Sermon Christmas Eve
Grace, mercy, and peace to you from the God who comes as one of us to save us. Amen.
This time of year you will see nativity scenes all over the place. In front of churches, in people’s yards, in your homes. We brought the baby Jesus and placed him in the manger during our processional hymn so you can see the nativity scene right here.
There is a nativity scene on the table as you enter the church. There is a soft, beautifully embroidered fabric one for the Sunday School children. I have several at my house. I bet you have one someplace, too.
Nativity scenes have become a popular item to collect. St. Francis of Assisi is given credit for the first nativity scene. He organized a live one with animals and people in costumes. Francis wanted people to focus on the Biblical story of the birth of Jesus rather than all the secular festivities of the day.
Small, decorative nativity scenes are popular all over the world. In France, the traditional nativity scenes are a bit different. They include more than the just the Holy Family, Mary, Joseph, and Jesus; the angels, shepherds, animals, and wise men.
These scenes began in medieval times and they also include what the French call “ordinary saints.” The ordinary saints are figures of regular people in their daily work. They are characters from village life holding the tools of their trade.
They have figures of people repairing shoes, selling fish or meat, sewing clothes, selling flowers, baking a cake, or whatever. All the professions were represented.
The first time I saw one of these elaborate nativity scenes, I wasn’t sure what to think. It seemed unrealistic to see figures of medieval peasants at the manger in Bethlehem.
But the more I thought about it, the more I liked it. I like the idea that everyone was invited to see the baby. And we are all ordinary saints. After all, wouldn’t you have wanted to be there with the shepherds?
As Luther said:
What else is the manger than the gathering of the Christian people in church to listen to the sermon? We are the animals that go with this manger. There Christ is placed before us….. — Martin Luther (LW 53:22)
We had our children’s program a week ago, Sunday. So when I think of shepherds, I picture the 5 little guys from Sunday School in their adorable costumes with their big scary wooden shepherd’s crooks singing “Away in a Manger.”
The shepherds of the Bible weren’t cute little kids though. Shepherding was one job you got when you couldn’t get anything else. It was dirty and dangerous. You lived at your job and always worked the night shift. You were outdoors in all kinds of weather. You had to fight wild animals and find the dumb sheep who wandered away.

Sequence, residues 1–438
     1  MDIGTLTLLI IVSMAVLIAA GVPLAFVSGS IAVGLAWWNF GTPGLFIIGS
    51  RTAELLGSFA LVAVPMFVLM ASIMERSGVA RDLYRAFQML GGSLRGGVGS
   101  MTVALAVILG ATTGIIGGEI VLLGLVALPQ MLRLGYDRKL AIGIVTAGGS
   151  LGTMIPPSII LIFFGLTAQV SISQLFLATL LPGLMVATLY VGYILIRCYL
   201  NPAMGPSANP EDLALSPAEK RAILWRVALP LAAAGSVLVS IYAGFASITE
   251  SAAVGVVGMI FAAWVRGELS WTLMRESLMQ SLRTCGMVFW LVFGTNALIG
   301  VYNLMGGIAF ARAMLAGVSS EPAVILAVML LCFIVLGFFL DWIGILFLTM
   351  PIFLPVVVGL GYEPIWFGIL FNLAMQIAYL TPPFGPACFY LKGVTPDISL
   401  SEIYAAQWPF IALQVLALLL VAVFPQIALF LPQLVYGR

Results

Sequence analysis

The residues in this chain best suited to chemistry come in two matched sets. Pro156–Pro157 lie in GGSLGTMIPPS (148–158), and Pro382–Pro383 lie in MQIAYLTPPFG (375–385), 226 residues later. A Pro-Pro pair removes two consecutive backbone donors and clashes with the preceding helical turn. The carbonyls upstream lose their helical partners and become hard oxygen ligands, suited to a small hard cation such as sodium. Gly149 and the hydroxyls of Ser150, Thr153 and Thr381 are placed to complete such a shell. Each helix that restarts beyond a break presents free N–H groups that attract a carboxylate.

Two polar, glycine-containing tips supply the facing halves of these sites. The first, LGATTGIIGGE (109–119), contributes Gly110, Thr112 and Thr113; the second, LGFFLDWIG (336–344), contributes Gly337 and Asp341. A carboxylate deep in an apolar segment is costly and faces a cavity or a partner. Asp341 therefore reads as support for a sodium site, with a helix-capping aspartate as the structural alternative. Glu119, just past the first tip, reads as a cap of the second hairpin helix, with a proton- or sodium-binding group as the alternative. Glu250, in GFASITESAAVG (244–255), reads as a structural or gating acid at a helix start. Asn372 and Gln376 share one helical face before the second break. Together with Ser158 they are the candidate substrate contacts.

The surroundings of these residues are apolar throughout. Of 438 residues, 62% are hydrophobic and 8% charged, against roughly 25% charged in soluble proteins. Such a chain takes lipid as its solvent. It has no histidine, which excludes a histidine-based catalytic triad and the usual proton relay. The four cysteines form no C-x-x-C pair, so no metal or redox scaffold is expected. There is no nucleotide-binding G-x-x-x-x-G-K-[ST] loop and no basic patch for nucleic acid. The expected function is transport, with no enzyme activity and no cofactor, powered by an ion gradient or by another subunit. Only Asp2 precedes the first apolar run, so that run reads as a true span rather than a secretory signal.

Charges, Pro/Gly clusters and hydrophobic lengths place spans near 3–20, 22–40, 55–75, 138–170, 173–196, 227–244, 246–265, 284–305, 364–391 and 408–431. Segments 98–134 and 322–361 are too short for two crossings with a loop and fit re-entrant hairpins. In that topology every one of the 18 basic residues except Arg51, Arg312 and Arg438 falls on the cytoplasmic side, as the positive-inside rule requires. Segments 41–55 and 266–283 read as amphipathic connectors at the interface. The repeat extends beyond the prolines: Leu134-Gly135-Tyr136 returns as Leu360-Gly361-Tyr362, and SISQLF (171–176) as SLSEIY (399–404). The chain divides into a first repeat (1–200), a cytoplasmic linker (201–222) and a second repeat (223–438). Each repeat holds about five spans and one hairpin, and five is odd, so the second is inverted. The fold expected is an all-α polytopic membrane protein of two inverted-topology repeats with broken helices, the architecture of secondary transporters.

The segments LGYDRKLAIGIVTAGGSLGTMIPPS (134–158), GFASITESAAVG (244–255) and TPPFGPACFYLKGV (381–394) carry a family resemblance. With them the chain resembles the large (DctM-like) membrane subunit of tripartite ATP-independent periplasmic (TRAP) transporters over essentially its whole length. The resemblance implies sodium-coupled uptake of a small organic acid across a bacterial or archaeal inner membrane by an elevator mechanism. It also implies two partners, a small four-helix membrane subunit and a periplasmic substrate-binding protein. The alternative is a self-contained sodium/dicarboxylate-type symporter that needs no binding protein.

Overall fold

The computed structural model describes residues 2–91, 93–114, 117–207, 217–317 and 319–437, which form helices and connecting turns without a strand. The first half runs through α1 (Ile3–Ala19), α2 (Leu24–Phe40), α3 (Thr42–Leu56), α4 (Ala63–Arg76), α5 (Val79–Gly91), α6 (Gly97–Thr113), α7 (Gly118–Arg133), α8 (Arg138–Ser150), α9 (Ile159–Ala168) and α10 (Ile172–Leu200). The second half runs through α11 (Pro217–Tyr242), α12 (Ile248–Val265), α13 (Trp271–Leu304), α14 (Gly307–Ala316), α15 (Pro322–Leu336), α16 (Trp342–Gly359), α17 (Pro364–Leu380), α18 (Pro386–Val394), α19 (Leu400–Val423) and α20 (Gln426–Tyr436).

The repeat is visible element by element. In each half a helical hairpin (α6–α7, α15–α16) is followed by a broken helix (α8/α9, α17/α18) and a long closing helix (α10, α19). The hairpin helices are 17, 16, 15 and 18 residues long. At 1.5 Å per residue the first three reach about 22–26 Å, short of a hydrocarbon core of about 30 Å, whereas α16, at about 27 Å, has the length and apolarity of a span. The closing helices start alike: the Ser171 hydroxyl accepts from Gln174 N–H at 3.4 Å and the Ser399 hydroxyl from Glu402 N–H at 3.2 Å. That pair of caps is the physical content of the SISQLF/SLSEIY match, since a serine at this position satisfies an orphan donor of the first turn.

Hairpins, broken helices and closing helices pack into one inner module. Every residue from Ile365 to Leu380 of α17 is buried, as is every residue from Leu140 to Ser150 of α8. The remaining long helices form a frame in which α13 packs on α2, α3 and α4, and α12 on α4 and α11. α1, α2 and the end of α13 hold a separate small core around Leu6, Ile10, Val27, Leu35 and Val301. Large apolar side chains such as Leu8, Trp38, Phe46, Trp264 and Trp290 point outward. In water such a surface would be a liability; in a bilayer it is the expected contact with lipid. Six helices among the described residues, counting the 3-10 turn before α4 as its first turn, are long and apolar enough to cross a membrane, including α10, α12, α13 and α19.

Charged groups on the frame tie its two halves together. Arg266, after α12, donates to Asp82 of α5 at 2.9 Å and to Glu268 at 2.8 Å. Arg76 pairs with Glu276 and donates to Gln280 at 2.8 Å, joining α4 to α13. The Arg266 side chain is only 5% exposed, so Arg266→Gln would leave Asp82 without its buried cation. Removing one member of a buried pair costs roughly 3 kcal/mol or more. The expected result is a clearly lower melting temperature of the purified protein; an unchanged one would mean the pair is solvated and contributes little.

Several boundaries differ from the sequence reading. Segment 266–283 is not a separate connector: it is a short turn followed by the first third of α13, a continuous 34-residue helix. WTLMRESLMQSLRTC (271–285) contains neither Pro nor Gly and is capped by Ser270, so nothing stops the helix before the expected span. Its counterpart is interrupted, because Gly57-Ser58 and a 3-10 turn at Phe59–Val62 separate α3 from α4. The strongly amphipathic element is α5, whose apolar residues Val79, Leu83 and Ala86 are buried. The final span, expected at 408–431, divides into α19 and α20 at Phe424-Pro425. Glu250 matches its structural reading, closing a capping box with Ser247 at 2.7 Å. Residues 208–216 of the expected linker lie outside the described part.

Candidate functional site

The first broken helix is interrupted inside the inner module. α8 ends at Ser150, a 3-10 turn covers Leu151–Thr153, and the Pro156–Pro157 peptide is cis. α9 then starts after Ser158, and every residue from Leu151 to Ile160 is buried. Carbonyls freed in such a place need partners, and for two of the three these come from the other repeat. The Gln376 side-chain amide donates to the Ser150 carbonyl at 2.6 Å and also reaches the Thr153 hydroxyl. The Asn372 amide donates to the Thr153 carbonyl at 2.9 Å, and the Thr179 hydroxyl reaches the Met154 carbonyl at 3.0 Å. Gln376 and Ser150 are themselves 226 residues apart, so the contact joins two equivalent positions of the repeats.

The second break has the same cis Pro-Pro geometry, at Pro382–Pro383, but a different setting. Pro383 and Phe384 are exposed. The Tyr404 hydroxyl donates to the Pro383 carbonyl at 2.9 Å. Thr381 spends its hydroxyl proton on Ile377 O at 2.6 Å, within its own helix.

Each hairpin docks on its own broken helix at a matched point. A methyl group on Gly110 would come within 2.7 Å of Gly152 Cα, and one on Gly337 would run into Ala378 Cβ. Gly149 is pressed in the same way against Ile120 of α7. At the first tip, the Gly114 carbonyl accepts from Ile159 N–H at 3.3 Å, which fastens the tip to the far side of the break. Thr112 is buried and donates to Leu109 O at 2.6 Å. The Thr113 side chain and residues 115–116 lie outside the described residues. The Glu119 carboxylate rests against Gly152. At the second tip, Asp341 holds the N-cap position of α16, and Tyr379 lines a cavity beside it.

The Pharisees, the religious leaders of the day, were very pious observant Jews and they wouldn’t have anything to do with the shepherds. They considered shepherds to be in the same social class as tax collectors and prostitutes.
You see part of the problem was that shepherds had to work on the Sabbath. They couldn’t leave the sheep to fend for themselves one day a week. It was too dangerous for the sheep. Since the shepherds could not worship weekly, the Pharisees considered them to be unclean. They were outcasts from society, shunned by the nice religious people.
If you can’t get another job and you can’t make it to worship you don’t have many options. The religious leaders of the day didn’t care though. They just gave up on the shepherds and called them unclean.
Not just unclean because they were dirty and smelled like sheep – which they were, but unclean religiously. They were not allowed to participate in any religious activities because they did not regularly attend worship at the synagogue.
Since the religious leaders had given up on them, and they were social outcasts, I imagine many of them felt that God had given up on them, too. And when you believe that God has given up on you, you tend to give up on God.
We may all know people who think that God has given up on them. They may have been hurt by religious leaders or other church people. Maybe they had some tragedy in their lives. They may have done something they think is unforgivable.
Maybe they are overwhelmed by grief or angry with God. They have given up trying to be a part of a faith community. I bet you know someone like that – someone who has given up on God.
Tonight, this holy night, there is good news for everyone – even for those who have given up on God. Even for those who believe God has forgotten them. You see, God sends angels to people who have given up on God. That is what the shepherds learned on Christmas Eve.
They learned that Jesus was born for the outsiders as well as for the religious people. Remember the thief on the cross who repented? Jesus told him, “Today you will be with me in paradise.”
Remember the other thief? The one who harassed Jesus and bullied him? Jesus hung with him and died with him and for him, too.
Jesus was born for you if you are one of the religious people. Jesus was born for you is you just came to church to please your family this evening.
Jesus was born for you even if you have given up on God. Jesus died for you religious people and even he died for you even if you have given up on God. And Jesus rose from the dead and lives for you even if you have given up on God.
Just as God sent the angels to the shepherds – God sends the message of the birth of a Savior to everyone tonight. You are here. You have heard it. There is a place for every one at the manger.
No matter who you are or what you do – we are all part of the scene at Christ’s nativity.
Let us go with the shepherds and proclaim the good news to all the world.
Alleluia! Christ is born today! Amen.